The lines blur
And I wait
For things to come into focus
The lines blur
And I wait
For things to come into focus
The Other is an individual who is perceived by the group as not belonging, as being different in some fundamental way. Any stranger becomes the Other. The group sees itself as the norm and judges those who do not meet that norm (that is, who are different in any way) as the Other. Perceived as lacking essential characteristics possessed by the group, the Other is almost always seen as a lesser or inferior being and is treated accordingly. The Other in a society may have few or no legal rights, may be characterized as less intelligent or as immoral, and may even be regarded as sub-human.” http://academic.brooklyn.cuny.edu/english/melani/cs6/other.html
I have worked with summer programs for 20+ years. In the early years, the programs were cocooned, separate from the majority culture. Though the population of children was somewhat diverse, the teachers and staff all looked like me, all African American.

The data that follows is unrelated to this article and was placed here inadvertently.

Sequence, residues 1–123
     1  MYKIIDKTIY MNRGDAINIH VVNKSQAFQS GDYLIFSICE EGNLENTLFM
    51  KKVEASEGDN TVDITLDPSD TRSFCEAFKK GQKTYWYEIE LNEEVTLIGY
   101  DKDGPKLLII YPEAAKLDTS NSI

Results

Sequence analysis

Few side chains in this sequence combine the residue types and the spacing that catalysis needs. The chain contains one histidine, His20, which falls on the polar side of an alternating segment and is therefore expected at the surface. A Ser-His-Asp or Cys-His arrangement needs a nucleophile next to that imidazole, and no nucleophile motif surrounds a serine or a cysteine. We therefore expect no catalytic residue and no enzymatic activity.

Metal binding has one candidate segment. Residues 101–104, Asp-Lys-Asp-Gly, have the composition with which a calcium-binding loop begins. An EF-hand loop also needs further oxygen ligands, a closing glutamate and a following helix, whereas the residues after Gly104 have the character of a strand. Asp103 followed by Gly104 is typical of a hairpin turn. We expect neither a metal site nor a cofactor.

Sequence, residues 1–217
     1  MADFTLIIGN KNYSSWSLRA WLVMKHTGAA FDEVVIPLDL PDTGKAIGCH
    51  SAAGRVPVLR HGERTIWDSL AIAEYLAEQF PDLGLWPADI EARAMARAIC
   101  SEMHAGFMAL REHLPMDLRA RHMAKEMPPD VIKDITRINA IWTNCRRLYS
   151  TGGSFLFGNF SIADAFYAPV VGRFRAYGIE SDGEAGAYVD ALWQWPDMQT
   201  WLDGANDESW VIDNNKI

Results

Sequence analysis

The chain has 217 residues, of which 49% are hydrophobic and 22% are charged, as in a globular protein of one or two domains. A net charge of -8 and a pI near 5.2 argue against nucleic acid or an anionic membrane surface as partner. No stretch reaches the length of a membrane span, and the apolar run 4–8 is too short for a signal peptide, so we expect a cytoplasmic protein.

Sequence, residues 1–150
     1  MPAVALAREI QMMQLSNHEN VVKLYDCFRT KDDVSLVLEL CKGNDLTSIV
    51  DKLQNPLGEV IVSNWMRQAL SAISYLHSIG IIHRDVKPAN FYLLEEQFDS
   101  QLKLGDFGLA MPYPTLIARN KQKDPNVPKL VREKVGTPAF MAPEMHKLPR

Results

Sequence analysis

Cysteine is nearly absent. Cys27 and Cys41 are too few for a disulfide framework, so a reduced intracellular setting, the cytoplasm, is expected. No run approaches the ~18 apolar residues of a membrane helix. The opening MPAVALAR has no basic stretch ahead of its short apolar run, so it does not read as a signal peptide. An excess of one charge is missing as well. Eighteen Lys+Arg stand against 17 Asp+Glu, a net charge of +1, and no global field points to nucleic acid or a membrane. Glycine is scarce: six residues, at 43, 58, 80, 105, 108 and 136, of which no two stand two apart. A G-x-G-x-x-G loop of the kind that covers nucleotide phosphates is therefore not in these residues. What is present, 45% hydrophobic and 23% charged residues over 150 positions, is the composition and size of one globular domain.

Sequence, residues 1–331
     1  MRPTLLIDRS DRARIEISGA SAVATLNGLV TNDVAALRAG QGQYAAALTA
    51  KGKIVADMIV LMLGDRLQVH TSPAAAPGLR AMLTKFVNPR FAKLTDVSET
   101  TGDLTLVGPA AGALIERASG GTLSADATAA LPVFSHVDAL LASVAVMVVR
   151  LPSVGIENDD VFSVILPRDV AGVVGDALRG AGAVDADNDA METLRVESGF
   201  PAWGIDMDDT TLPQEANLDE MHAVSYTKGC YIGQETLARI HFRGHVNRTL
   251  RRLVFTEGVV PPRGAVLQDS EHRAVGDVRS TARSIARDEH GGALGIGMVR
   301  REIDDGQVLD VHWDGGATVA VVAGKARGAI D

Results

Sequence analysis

The summer program to which I am now attached is of a different “color, “simply meaning, while some diversity is still in place in the student population, the teachers are mostly white. There is nothing wrong with this mix because the teachers (who are in the final stage of a credentials program) bring to the students all they need to continue to grow and stretch academically. However, we are housed on a campus with a separate program that is not used to such diversity, so the field is ripe for misunderstandings, assumptions and micro-aggressions … on their part, not mine.
Yes, this issue of the “Other that is Me” lies not with the students or the teachers but with the opinions of those around me who do not look like me, individuals whose only information about the “Other Who Is Me” may come through the media and/or opinions of people who also look just like them.
When the “Other That Is Me” comes into view, certain assumotions come into play about the capability and ability of the “Other Who Is Me” to function well, if even at all.
It is assumed that when a situation appears untenable or unmanageable, I will, of course, need assistance, without bothering to check with me to see if, indeed, I need any help at all.